Financial Times: The US is threatening severe financial penalties against any foreign companies or individuals that do business with the government agency that operates Iran’s civilian nuclear programme. The move could open new rifts among the US, Russia and Europe over how to deal with the nuclear threat posed by Iran.
By Guy Dinmore and Edward Alden in Washington
The US is threatening severe financial penalties against any foreign companies or individuals that do business with the government agency that operates Iran’s civilian nuclear programme.
The move could open new rifts among the US, Russia and Europe over how to deal with the nuclear threat posed by Iran.
President George W. Bush yesterday issued an executive order freezing all US assets of eight organisations in Iran, North Korea and Syria deemed to be involved in weapons proliferation, including the Iranian government’s Atomic Energy Organisation of Iran (AEOI).
While most of the targeted organisations are under US sanctions, the order provides a powerful tool to force other countries to stop dealings with these and other entities designated as “proliferators” by Washington. The provision, modelled on those used to curb financial support for terrorist groups, gives the Treasury secretary new powers to freeze assets and block all US transactions of foreign companies deemed to have provided support for the sanctioned organisations.
“The point is to isolate and cut these organisations off from the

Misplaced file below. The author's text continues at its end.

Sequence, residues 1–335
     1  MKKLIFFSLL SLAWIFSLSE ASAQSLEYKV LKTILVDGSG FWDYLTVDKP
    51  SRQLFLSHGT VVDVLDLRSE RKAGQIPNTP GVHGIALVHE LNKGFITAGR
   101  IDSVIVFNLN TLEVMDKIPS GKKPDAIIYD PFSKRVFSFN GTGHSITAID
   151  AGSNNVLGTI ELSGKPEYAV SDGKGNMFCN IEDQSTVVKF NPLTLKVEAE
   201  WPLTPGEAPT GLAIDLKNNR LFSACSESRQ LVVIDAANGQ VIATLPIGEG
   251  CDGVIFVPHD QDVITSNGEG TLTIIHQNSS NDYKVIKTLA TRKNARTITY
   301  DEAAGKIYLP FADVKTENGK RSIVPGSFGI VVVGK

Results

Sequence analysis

US financial system,” said a Treasury official. The AEOI is an executive agency of the Iranian government in charge of the civilian nuclear programme – which the US alleges is a cover for weapons development.
Russia is contracted to the organisation for the construction of a nuclear power plant at Bushehr in southern Iran, while Chinese and other nationals have helped the AEOI with development of Iran’s nuclear mines.
The International Atomic Energy Agency, the UN nuclear agency, assists it with missions and expertise. Its scientists attend international conferences. A White House official indicated the sanctions would not be used to stop Russia’s construction of the Bushehr reactor. Under the deal with Iran, Russia will supply nuclear fuel for the reactor and take it away for reprocessing.
The US official said the “timing and scope” of the measures were discretionary, and the sanctions would only involve “assets of an entity flowing through the US back to AEOI”.
European diplomats in Washington were yesterday seeking clarification, saying they had not been consulted. They expressed concern over the consequences of extra-territorial sanctions and the possible impact on negotiations by France, Germany and the UK, known as the EU3 countries, with Iran on its suspected nuclear weapons programme.
The US official, asked about the possible effect on those talks, said: “We hope the EU3 negotiations will produce a result that takes AEOI out of the proliferation business through the cessation and dismantlement of its enrichment related and reprocessing programmes.”
Patrick Clawson, senior analyst with the Washington Institute for Near East Policy, described the executive order as an “assertive policy stance”.